Physical Disability clinical trials at UCSF
2 in progress, 0 open to eligible people
Sorry, in progress, not accepting new patients
The purpose of this study is to find out what are the best settings for applying electrical nerve stimulation over the skin for the short-term improvement of hand dysfunction after a stroke. The ultimate goal is to some day design an effective long-term training program to help someone recovery their ability to use their hands and function independently at home and in society. In order to know how to apply electrical nerve stimulation to produce a good long-term effect on hand dysfunction, we first need to know how to make it work best in the short-term, and improve our understanding of for whom it works and how it works.We will use a commercially available transcutaneous electrical nerve stimulation (TENS) unit to gently apply electrical nerve stimulation over the skin of the affected arm. This is a portable, safe and easy to use device designed for patients to operate in their homes.
San Francisco, California
Sorry, not yet accepting patients
Older patients with end- stage kidney disease (ESKD) are at very high risk for functional impairment. Kidney transplantation (KT) has the potential to ameliorate the detrimental effects of ESKD on physical activity and functional status. However, KT alone may not meet the full extent of this potential, particularly for older or more impaired adults. In fact, activity declines immediately post-KT and fails to return to expected levels even 5 years post-KT. Older patients waitlisted for KT (most of whom are on dialysis) are therefore reliant on their pre-KT levels of exercise, which are also predictive of post-KT mortality. "Prehabilitation" has been used in other surgical populations to minimize functional loss, and a structured exercise program may be beneficial in the pre- KT setting. However, few waitlisted patients are able to participate in typical exercise interventions due to barriers such as severe fatigue. Older patients have additional barriers such as further mobility impairment and requiring substantial caregiver support. Therefore for older living donor kidney transplant candidates, it is necessary to address issues such as specifics of coaching, timing, and importantly, incorporate caregiver participation. The overall objective of this proposal is to adapt a previously developed 8- week, home- based, structured exercise program among older (≥50 years) dialysis patients awaiting living donor KT, with a focus on caregiver involvement. The investigators will trial the exercise program as compared to usual care. The investigators will then pilot the refined intervention in a total of 72 patient-caregiver dyads, 48 of whom will undergo the proposed intervention (24 with caregiver participation, 24 without). The primary outcomes for the pilot will be change in physical performance and activity from baseline to after the intervention, along with measurements of exploratory quality of life outcomes. In addition, the investigators will measure these same outcomes at 3- months post KT to evaluate for a durable effect of the intervention. An additional post-transplantation outcome of interest will be number of days hospitalized within 3 months of transplantation.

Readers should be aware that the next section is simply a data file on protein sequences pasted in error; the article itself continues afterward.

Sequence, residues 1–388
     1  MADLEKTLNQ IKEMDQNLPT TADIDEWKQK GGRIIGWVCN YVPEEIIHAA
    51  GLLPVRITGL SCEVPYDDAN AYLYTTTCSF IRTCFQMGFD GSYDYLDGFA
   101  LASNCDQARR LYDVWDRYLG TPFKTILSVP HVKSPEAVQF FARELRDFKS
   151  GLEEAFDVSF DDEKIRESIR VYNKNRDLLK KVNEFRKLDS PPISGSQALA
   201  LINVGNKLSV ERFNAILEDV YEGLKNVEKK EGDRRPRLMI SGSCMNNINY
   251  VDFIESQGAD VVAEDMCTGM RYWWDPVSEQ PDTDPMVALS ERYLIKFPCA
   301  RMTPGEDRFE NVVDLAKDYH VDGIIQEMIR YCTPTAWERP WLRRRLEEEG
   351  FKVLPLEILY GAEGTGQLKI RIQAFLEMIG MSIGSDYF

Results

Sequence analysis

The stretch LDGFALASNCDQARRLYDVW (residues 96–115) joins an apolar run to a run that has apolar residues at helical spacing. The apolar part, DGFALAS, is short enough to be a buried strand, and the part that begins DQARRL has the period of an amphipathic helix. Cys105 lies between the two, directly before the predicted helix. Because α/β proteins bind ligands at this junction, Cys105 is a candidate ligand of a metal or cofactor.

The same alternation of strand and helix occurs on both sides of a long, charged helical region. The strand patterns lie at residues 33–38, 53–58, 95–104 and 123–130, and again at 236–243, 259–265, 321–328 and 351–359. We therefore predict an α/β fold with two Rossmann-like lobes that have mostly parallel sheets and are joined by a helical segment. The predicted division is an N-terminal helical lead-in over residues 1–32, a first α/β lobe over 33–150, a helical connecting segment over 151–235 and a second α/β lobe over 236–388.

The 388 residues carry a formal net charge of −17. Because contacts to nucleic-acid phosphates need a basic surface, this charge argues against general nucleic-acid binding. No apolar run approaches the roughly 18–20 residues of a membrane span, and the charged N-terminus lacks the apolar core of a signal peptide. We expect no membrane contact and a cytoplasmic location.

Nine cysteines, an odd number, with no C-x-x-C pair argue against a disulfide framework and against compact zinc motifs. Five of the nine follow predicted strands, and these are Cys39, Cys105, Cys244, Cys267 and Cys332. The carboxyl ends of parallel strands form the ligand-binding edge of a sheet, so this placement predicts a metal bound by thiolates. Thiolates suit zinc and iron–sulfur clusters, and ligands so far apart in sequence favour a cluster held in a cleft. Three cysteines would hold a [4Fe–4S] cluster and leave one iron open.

San Francisco, California
Our lead scientists for Physical Disability research studies include Anoop Sheshadri, MD, MAS.